Support for the upgrading of Guyana’s Upstream Oil and Gas Policy continues to pour in from international bodies as oil exploration activity is intensifying in the country’s offshore waters.
On Monday, Economic Advisers at the Oceans and Natural Resources Division of the Commonwealth Secretariat, Dr. Daniel Wilde and Dr. Ekpen Omonbude met with Minister of Governance Raphael Trotman to discuss and begin work on the upgrading of the Policy which was crafted some two years ago.
Earlier this month, the Government announced that it had invited the Commonwealth, which helped in crafting the first Policy, to return to the country, so that the document could be upgraded given the recent oil discovery by US oil giant, ExxonMobil.
Initially, the team was scheduled to return to Guyana in November, for the new document to be drafted but decided to begin almost immediately.
During the meeting, Dr. Ekpen Omonbude related that the upgrade to the Policy would involve an analysis of the legislative, contractual and regulatory frameworks currently in place to see how best they can be improved to the benefit of the country.
“We want to look at the fiscal arrangements for upstream petroleum activities to do two things; one is to assess it for its strengths and weaknesses and to strike the balance to get revenue and if we find any weaknesses; to make recommendations as to what needs to be done in order to move forward. We would also like to examine the existing petroleum legislation and contracts and make comments and recommendations,” Dr. Omonbude expressed.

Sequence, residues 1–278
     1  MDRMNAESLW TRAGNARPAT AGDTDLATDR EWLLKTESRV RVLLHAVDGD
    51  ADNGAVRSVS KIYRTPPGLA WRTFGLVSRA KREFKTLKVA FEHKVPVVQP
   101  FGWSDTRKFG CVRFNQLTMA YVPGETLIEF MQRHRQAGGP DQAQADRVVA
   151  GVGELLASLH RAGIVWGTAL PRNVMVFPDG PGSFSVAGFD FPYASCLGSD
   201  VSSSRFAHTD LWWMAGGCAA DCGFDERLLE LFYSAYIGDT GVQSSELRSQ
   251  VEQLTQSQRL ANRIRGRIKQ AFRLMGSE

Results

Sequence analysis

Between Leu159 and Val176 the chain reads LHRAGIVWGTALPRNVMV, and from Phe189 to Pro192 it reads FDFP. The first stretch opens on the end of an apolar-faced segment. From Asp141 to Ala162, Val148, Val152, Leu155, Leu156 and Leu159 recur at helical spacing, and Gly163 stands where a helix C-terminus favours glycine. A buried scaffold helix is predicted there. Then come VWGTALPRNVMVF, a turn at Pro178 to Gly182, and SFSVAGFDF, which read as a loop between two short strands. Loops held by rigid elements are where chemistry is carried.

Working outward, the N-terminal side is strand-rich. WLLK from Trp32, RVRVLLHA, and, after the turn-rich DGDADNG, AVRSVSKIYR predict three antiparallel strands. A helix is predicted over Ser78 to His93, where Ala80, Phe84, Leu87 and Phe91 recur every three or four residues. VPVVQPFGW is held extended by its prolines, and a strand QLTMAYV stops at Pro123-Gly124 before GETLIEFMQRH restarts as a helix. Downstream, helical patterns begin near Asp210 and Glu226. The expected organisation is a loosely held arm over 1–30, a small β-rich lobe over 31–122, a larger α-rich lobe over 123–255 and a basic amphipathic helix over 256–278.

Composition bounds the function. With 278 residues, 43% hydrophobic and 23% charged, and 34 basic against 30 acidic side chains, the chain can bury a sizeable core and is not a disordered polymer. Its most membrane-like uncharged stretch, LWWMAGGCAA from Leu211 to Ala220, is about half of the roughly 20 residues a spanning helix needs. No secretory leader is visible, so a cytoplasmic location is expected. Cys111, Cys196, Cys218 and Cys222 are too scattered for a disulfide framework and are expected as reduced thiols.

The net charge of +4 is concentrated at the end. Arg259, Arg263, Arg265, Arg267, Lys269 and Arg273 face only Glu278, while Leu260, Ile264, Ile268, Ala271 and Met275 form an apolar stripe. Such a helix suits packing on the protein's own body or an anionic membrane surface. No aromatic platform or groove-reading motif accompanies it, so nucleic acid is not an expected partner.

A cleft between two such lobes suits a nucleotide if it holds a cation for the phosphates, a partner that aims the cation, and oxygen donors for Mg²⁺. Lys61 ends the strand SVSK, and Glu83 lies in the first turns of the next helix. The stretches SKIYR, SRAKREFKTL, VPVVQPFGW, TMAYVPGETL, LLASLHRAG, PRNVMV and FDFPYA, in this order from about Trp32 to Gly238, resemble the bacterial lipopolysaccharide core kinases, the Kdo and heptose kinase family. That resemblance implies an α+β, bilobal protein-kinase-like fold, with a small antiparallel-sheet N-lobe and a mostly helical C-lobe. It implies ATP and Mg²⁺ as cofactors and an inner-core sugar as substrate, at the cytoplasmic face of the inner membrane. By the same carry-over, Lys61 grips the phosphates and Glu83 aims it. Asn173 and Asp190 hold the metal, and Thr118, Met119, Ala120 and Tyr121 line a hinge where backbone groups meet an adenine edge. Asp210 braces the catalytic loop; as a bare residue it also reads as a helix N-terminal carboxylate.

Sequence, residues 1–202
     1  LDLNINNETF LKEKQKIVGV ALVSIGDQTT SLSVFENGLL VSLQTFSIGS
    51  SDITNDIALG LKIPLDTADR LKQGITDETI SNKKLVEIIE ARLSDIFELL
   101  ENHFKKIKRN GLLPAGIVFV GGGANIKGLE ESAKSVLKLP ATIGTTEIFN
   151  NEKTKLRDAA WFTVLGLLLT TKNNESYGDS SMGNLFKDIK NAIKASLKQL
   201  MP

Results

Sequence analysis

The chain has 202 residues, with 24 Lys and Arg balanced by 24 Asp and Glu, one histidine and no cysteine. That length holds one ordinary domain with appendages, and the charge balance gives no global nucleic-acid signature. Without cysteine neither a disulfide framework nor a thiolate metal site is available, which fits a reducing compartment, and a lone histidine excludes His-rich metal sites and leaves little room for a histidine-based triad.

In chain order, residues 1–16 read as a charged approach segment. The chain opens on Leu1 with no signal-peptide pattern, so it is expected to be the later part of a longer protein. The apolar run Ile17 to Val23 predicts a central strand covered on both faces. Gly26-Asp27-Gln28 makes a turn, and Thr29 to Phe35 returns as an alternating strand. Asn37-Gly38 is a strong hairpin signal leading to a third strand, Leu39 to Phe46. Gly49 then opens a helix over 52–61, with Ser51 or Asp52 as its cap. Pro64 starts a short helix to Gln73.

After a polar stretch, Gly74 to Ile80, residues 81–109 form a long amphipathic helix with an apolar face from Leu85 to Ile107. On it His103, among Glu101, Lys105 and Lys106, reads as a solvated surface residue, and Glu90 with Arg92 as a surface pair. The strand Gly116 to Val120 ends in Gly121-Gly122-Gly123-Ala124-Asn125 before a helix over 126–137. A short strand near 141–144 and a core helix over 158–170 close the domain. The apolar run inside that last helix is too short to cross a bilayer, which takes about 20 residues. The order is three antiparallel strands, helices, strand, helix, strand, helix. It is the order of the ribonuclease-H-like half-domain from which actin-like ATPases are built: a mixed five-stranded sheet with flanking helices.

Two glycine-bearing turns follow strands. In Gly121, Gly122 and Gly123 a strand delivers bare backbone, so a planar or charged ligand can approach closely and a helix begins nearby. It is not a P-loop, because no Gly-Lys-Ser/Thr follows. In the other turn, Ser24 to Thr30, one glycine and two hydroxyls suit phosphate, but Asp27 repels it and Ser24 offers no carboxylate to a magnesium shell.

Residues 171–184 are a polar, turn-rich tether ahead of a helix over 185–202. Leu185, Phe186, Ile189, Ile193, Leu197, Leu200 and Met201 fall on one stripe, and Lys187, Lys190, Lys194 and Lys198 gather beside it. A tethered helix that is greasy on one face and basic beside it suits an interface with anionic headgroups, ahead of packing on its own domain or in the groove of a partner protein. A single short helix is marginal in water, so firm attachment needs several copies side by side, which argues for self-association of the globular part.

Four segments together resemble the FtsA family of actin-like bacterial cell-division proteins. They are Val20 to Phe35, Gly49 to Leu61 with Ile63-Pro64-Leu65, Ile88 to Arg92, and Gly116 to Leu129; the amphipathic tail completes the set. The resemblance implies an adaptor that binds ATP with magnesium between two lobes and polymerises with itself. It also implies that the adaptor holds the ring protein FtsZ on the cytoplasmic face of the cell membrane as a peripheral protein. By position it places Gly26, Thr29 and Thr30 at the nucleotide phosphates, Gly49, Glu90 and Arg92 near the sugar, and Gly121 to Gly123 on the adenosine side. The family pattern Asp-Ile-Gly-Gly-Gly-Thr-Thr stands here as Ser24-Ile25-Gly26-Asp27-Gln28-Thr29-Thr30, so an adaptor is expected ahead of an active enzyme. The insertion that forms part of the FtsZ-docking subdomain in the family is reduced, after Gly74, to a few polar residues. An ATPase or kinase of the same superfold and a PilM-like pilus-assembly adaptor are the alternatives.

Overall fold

Dr. Wilde said that the team will also be examining the resource management plan of the country as well as make suggestions and advising on the setting up of the Sovereign Wealth Fund (SWF), an initiative he praised the current government for pursuing.
“The setting of a Sovereign Wealth Fund is very important. Many countries do not think about that in the initial stages and so it is good to see Guyana thinking about this and wanting to pursue it and we are ready to offer our assistance in this area”.
Meanwhile, Minister Trotman acknowledged the work done on the previous Policy as extensive and said it is the Government’s belief that the policy should be upgraded to suit modern day changes so that it can be properly implemented and enforced.
Trotman assured that coming out of the recommendations, if there is a need for legislative measures, these will be addressed. Work on the Upstream Oil and Gas Policy began in 2012 and was finalized and approved in the third quarter of 2014 by the former administration.